Behavioral Health

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Anxiety

The FAACTs about Anxiety and Food Allergies

What is anxiety? What are anxiety disorders?

The American Psychology Association defines anxiety as, “An emotion characterized by feelings of tension, worried thoughts and physical changes like increased blood pressure.”

The National Institute of Health (NIH) defines an anxiety disorder as, “Anxiety disorders involve more than temporary worry or fear. For a person with an anxiety disorder, the anxiety does not go away and can get worse over time. The symptoms can interfere with daily activities such as job performance, school work, and relationships.”

Anxiety is a necessary part of life, so it is important to look at anxiety through a healthy lens. To an extent, having mild anxiety is an asset as it makes one more cautious when reading labels, ordering out, and may motivate one to carry one’s epinephrine etc. Still, children, teens, and young adults with food allergies are at a much higher risk for anxiety related disorders and feelings of worry. Anxiety that has gotten out of control can be managed with the right tools and supports.

What might anxiety look like?

Symptoms are different for everyone, and can include a range of symptoms. Below are some ways anxiety can manifest:

  • Sweating                    
  • Rapid heartbeat/trouble breathing
  • Panic Attacks
  • Stomach ache/headache/other physical symptoms/frequent visits to the school nurse
  • Irritability/outbursts/restlessness
  • Sleep issues
  • Uncontrollable worry
  • Recurring fears regarding everyday life tasks
  • Avoidance of activities
  • Perfectionist tendencies
  • Meltdowns

Anxiety often comes from a perceived threat (one that often is imaginary). For those with food allergies... the threat is very real. Particularly troubling for those who have been diagnosed with food allergies, some symptoms of anxiety (e.g. trouble breathing or physical symptoms) can mirror those of an allergic reaction, further increasing anxiety. Exposure to stressful/negative life or environmental events in early childhood or adulthood can lead to developing anxiety, naturally, this may include a bad or anaphylactic reaction.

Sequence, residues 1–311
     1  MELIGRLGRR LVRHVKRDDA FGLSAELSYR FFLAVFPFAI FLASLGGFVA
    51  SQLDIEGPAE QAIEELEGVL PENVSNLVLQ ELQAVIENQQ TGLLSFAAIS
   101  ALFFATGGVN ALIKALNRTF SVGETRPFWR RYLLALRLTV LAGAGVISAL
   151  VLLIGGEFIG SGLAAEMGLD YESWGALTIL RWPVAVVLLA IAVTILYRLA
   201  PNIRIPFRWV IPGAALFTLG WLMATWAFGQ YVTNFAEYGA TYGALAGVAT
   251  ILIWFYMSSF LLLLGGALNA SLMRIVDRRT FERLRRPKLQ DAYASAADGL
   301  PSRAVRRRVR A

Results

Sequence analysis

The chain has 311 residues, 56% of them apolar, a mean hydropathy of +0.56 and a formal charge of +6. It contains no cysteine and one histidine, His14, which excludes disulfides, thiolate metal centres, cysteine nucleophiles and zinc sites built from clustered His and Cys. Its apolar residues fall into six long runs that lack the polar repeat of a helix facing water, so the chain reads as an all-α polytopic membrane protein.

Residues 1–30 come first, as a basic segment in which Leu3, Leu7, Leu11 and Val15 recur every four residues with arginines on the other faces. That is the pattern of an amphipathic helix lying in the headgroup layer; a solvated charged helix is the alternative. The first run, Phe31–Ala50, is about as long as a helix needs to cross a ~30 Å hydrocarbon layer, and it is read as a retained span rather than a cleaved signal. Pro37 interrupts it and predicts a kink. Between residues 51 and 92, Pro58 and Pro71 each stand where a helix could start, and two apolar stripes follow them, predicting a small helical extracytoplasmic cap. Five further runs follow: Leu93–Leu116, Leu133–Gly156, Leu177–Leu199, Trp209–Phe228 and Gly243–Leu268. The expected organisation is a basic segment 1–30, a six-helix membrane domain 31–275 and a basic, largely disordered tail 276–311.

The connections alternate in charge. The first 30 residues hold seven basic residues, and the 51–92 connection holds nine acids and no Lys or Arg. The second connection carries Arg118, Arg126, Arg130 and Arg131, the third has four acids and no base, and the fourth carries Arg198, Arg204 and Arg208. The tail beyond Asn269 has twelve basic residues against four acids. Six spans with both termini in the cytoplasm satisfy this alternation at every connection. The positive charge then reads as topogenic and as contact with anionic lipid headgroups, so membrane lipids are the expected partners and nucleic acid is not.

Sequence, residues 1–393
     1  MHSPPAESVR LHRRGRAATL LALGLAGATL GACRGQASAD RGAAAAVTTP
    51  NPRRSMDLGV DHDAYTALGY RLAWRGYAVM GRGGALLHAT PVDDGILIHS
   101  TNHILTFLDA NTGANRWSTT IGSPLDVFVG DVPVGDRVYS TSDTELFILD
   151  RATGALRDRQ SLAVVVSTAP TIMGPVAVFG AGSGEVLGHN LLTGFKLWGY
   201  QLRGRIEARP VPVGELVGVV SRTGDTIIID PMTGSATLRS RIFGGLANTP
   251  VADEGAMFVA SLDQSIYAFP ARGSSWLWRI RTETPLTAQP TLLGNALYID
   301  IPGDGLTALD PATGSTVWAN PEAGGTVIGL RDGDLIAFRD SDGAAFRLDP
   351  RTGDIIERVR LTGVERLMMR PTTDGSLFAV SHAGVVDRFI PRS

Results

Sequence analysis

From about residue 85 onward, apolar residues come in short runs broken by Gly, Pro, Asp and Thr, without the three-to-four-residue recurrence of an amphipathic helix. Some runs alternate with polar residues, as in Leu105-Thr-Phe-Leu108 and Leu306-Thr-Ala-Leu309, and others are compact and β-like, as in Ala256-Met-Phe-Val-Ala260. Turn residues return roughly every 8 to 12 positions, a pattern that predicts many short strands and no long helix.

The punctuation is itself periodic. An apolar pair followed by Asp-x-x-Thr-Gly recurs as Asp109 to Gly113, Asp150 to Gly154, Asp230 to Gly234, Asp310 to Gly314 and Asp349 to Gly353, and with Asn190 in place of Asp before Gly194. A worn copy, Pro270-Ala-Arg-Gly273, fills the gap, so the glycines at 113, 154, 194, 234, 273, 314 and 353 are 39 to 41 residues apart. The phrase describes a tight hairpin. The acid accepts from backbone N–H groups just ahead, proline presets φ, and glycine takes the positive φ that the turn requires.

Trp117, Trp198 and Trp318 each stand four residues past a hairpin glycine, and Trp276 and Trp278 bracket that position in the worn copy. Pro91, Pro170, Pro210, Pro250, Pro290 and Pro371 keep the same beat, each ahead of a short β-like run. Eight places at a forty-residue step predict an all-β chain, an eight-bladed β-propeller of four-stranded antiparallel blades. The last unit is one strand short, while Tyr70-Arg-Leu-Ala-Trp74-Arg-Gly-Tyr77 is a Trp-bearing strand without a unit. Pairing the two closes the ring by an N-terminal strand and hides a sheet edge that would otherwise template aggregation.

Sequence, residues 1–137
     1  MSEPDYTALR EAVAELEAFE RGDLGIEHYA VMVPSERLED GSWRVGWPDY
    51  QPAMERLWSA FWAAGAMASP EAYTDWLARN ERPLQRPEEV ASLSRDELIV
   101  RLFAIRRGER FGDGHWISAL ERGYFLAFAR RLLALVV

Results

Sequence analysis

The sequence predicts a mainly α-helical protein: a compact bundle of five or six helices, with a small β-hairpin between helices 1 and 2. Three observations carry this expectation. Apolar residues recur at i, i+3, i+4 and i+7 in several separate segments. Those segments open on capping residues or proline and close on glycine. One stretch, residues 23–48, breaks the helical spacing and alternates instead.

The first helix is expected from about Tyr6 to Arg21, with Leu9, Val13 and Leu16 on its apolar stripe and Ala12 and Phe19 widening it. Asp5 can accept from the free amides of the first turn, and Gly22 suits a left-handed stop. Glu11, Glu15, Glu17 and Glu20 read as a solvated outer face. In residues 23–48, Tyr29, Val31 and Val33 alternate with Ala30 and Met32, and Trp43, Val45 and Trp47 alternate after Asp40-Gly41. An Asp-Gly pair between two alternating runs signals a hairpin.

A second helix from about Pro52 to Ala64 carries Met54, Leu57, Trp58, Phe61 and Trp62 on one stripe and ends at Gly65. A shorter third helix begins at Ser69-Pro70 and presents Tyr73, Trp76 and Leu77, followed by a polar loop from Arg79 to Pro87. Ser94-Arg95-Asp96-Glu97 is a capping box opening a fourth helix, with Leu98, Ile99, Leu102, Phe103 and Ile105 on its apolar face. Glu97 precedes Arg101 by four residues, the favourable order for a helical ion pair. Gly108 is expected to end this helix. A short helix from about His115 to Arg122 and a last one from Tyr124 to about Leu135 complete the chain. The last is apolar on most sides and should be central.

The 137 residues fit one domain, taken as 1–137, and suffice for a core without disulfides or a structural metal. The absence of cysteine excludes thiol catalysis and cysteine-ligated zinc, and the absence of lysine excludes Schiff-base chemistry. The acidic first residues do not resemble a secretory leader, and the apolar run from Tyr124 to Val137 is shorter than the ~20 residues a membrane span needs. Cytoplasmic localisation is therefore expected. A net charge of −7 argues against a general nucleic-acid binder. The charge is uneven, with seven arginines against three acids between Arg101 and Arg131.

What can I do?

  • When developing your child as a self-advocate, it is important to include exercises that could  reduce your child's anxiety (e.g. making own cookbooks, role-playing, and adopting an overall positive outlook on the condition of food allergies).
  • Normalize mental health issues and eliminate any stigma.
  • Make self-care a priority in your household.
  • Model: Remember, especially if your children are younger, they are looking to you as an example on how to practice healthy ways of thinking about their food allergies, how to react to challenging situations, and how to incorporate self-care habits.
  • Learn coping strategies to effectively begin reducing anxiety!

If your child comes to you in a stressful or anxious moment, validate that some things are hard and uncomfortable. After you validate, help your child remember when things went right by giving them evidence of their prior safe experiences (dining out successfully, attending a birthday party with no issues, having a family meal etc.).

Download the FAACTs About Anxiety and Food Allergies handout.

Anxiety